Turkey's Powerful Prime Minister: Who Can Challenge Erdogan?
Turkish Prime Minister Recep Tayyip Erdogan's AKP expects victory in this Sunday's parliamentary elections -- partly because his opponents are so weak. While intellectuals warn against the establishment of a theocracy, the old Kemalist elite is fighting for its privileges.
Istanbul's Ortaköy district, located on the banks of the Bosporus, is the city's most westernized neighborhood. High-end nightclubs such as Reina rub shoulders with classy restaurants along the waterfront. In the pre-dawn hours, staff at trendy clubs hand out "türbans" -- the headscarves worn by devout Muslim women -- to those revelers who are looking to conceal their identity because they are too drunk to really be driving.
The last of the all-night party crowd have hardly left the scene before a grand gentleman of the old school walks into his office high above the waterfront road, in a building once occupied by the city's psychiatric hospital where the mentally ill former king Talal of Jordan spent his last days in exile.
Ishak Alaton, almost 80 years old, is the wealthy head of Alarko Holding and one of Turkey's most respected industrialists. He is also among the discreet supporters of the administration of Prime Minister Recep Tayyip Erdogan, in office since 2002, and his program, which has been widely labeled as "moderately Islamist."
But this is no deterrent for Alaton, the descendant of Sephardic Jews expelled from Cadiz, Spain. He indefatigably preaches the benefits of Western values, supports political foundations, cultural exchange and religious dialogue. He also enjoys inspecting -- with a healthy dose of sarcasm -- the front lines of the struggle over the achievements of the Turkish Republic.
Western values, believes Alaton, the strong-willed cosmopolitan from Ortaköy, ought to be defended on both large and small fronts -- including in daily life. This conviction is one of the reasons why, in Istanbul's stifling summer heat, he sometimes wears a sign on his jacket that reads: "Please do not kiss -- shake hands!" This, says Alaton, smiling, is the only way to keep one's distance from "sweaty Turkish men" with moustaches eager to plant the traditional brotherly kiss on his cheek.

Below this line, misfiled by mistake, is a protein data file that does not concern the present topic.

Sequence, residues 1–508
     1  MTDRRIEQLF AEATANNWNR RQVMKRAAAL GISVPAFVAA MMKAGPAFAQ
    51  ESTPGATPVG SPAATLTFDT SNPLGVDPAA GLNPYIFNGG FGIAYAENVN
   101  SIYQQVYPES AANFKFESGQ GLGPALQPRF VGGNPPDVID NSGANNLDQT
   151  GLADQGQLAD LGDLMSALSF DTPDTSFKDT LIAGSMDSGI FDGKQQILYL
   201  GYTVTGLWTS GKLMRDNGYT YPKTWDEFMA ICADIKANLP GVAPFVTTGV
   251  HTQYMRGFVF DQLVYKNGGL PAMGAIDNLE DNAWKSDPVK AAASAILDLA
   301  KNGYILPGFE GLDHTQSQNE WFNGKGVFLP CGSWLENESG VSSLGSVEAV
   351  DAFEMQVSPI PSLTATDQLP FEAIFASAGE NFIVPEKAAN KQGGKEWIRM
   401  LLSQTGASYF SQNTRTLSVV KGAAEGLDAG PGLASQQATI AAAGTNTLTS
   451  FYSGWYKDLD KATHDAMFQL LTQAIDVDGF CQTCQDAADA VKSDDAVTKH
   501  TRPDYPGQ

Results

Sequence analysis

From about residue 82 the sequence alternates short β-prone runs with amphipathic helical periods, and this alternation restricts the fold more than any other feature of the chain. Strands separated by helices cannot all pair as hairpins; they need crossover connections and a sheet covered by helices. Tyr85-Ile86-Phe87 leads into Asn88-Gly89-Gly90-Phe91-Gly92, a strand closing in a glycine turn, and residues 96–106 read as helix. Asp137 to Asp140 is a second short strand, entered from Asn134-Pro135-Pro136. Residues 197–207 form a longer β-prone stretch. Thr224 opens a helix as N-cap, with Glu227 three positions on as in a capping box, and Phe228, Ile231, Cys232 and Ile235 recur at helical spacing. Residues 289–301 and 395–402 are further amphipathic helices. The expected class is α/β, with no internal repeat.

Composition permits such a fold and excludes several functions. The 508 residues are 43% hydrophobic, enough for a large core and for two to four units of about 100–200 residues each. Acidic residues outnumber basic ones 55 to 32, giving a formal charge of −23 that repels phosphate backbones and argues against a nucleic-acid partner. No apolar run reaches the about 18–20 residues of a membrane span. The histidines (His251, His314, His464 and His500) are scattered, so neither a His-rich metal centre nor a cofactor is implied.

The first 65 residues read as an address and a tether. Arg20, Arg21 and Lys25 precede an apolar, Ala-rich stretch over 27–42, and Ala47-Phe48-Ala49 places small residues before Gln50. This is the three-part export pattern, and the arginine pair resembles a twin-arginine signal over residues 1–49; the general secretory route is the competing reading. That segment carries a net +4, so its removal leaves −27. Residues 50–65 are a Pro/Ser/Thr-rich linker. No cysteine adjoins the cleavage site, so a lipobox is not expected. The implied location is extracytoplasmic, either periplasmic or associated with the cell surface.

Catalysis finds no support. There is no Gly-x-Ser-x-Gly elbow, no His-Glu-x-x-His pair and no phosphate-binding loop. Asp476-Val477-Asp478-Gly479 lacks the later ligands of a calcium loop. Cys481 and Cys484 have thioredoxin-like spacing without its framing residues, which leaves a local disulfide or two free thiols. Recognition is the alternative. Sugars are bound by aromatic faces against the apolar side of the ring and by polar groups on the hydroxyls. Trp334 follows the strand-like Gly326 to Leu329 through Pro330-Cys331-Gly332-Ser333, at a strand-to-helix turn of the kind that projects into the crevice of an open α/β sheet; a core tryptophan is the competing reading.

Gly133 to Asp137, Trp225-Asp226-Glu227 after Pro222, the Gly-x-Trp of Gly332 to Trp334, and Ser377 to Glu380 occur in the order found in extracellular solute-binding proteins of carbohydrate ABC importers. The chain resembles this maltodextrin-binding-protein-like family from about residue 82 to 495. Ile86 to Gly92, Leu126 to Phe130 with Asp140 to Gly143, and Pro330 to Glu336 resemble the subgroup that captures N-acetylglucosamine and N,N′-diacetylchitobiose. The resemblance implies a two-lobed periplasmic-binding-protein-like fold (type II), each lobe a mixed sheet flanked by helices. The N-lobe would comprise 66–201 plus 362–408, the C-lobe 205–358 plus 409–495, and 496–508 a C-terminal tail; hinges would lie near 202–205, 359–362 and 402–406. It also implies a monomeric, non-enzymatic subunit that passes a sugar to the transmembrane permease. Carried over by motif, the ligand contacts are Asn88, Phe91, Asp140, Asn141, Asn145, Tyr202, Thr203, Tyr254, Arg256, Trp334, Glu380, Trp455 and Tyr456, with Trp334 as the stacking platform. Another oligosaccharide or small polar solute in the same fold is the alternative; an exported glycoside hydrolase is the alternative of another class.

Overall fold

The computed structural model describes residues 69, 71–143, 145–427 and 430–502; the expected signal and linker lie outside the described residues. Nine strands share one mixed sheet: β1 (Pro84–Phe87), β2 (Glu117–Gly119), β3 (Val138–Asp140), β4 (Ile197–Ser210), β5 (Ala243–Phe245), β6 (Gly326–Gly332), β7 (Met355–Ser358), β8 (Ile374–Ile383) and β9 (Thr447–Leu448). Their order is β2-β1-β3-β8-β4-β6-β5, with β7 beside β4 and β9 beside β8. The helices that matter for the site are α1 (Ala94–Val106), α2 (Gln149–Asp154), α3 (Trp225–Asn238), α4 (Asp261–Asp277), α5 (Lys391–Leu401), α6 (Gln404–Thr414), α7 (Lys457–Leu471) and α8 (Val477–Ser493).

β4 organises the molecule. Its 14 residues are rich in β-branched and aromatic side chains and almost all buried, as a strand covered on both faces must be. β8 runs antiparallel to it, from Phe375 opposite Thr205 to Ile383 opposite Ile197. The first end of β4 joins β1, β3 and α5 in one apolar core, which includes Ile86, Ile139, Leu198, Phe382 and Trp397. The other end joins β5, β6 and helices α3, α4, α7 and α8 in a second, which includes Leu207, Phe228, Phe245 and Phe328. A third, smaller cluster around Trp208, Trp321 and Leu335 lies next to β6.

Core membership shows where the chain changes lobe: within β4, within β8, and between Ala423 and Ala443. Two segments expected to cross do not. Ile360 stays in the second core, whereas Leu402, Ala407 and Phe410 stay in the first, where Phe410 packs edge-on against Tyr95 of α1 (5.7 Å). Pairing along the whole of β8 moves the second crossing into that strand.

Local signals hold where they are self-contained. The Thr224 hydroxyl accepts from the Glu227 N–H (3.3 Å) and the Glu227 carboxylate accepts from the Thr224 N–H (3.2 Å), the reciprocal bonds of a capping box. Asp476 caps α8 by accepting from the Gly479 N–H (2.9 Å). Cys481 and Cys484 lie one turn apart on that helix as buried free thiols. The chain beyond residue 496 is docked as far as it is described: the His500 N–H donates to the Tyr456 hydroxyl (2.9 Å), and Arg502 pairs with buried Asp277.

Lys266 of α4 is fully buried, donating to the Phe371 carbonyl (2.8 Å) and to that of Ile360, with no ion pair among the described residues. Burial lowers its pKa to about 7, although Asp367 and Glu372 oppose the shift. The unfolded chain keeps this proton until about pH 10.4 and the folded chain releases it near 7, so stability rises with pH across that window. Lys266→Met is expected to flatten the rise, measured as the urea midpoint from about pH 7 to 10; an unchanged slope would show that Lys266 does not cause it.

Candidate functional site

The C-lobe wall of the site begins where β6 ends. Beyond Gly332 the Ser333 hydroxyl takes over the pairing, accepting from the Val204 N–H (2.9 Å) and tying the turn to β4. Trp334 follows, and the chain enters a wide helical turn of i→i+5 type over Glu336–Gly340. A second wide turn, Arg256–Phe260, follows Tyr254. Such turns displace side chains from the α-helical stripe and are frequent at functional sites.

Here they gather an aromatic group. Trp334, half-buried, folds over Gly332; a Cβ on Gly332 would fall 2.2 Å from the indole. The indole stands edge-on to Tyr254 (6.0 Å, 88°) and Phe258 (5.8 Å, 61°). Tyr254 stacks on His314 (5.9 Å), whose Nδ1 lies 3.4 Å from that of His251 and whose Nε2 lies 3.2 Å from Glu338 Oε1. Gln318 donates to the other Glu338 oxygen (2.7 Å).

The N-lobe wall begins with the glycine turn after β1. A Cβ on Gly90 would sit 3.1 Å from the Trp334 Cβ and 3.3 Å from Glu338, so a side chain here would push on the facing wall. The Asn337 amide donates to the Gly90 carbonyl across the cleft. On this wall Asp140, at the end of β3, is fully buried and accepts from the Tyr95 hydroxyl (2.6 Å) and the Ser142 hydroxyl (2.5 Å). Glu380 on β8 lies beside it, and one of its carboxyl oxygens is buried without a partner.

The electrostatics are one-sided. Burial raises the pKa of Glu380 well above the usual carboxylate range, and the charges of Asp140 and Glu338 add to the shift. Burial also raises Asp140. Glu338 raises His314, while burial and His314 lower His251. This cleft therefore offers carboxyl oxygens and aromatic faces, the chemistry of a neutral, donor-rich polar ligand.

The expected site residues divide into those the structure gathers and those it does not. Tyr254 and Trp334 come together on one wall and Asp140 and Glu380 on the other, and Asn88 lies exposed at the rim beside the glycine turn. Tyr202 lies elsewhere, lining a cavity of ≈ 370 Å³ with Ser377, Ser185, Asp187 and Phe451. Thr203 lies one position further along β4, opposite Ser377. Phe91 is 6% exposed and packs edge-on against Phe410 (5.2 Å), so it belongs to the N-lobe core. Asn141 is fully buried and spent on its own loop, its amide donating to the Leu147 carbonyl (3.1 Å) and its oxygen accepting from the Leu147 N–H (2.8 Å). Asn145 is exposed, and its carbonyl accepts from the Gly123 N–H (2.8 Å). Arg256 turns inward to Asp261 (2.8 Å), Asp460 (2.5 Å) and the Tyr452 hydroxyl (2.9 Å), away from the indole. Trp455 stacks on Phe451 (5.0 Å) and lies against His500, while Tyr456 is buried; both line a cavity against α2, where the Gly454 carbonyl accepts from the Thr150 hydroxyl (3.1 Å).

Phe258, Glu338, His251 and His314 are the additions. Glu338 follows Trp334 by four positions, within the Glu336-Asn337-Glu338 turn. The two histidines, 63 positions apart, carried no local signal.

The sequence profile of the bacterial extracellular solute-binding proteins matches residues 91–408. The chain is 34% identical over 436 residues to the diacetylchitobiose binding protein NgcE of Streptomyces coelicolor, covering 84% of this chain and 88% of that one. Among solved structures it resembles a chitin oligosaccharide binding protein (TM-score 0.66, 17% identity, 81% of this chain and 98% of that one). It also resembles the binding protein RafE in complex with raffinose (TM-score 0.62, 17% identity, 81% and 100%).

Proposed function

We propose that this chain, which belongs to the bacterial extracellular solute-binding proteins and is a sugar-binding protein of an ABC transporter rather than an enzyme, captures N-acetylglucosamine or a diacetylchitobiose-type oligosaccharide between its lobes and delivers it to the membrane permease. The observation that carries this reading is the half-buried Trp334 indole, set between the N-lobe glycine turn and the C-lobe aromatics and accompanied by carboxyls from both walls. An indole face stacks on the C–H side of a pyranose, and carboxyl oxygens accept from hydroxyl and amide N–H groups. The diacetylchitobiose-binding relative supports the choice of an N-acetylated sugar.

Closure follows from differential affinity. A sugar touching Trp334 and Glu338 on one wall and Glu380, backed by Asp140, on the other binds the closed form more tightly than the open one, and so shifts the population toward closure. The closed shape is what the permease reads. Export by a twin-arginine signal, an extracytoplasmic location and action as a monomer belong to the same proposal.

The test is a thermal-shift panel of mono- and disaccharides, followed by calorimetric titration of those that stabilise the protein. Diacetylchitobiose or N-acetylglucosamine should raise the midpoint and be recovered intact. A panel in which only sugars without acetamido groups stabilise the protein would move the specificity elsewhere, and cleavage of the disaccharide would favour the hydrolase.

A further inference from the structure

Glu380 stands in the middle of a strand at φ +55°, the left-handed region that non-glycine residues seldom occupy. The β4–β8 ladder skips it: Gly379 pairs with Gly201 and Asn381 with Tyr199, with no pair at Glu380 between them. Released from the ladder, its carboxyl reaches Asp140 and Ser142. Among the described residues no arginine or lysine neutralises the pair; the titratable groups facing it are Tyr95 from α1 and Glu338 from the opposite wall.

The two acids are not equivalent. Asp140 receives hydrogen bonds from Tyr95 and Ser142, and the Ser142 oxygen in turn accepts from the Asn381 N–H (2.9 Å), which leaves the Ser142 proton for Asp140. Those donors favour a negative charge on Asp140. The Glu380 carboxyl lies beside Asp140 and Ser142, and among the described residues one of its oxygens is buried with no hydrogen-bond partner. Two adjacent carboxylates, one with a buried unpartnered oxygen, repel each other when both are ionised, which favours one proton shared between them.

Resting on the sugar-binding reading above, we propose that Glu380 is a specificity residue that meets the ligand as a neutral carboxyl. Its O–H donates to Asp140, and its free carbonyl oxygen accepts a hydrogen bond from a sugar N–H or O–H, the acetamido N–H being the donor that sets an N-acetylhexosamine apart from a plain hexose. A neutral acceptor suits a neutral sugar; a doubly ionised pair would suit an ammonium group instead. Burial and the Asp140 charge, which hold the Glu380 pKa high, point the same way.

Alaton takes a decidedly relaxed approach to the parliamentary elections scheduled for this Sunday, a race from which Erdogan's Justice and Development Party (AKP) is slated to emerge even more triumphantly than in 2002. If, as Istanbul's liberal contingent persistently claims, Erdogan and his cohorts were truly pursuing a secret agenda to take the country through a lengthy series of constitutional barriers to establish an Islamic theocracy, Alaton would be the first for whom it would be a good idea to leave the country.
But he has no such intentions. He trusts his business sense, his good judgment and, last but not least, the word of Erdogan, the former avowed Islamist, who now respectfully refers to Alaton, a Jewish philanthropist and free spirit, as "Abi," or older brother. Erdogan also values Alaton's advice.
Istanbul bridges the gap between East and West.
His pupil has proven to be a good learner, says Alaton. "Gaining European Union membership did not correspond with Erdogan's convictions at first," he says. "But then we managed to convince him that it would be the only way to gain control over his army."
This remains a distant goal for Erdogan, as evidenced by a barely concealed threat by the Turkish military leadership, disseminated via the Internet on April 27, to overthrow the government should Foreign Minister Abdullah Gül be elected president. Gül's qualifications for the country's highest office mattered less in the end than the question of what sort of outfit his wife, a devout Muslim who wears a headscarf, would wear when representing the secular republic at official events.
The army's intervention, says the patrician Alaton, was "a shameful affair" not unlike a "coup." As Alaton sees it, the debate over whether the potential first lady's headscarf would jeopardize Turkey's self-image was artificially placed at the "center of the political confrontation."
The controversial garment is a square piece of material, usually made of rayon or polyester, about three and a half feet long on each side. Devout Muslim women wear the "türban," as it is known, wrapped tightly around their heads and secured with pins, together with a floor-length robe, even as they walk across Istanbul's Taksim Square in the searing heat.
These shrouded women are still a minority in this neighborhood, where their dress contrasts sharply with the prevailing fashions. Bare bellies, legs and shoulders are more common among women in the square, where a 1928 monument commemorates Mustafa Kemal Ataturk, the "Father of the Turks" and founder of the republic, with two bronze statues covered with medals. On one side of the monument, a woman wearing a headscarf looks to the West; on the other side, a woman wearing no scarf and with her hair exposed peers eastward.
© DER SPIEGEL 29/2007
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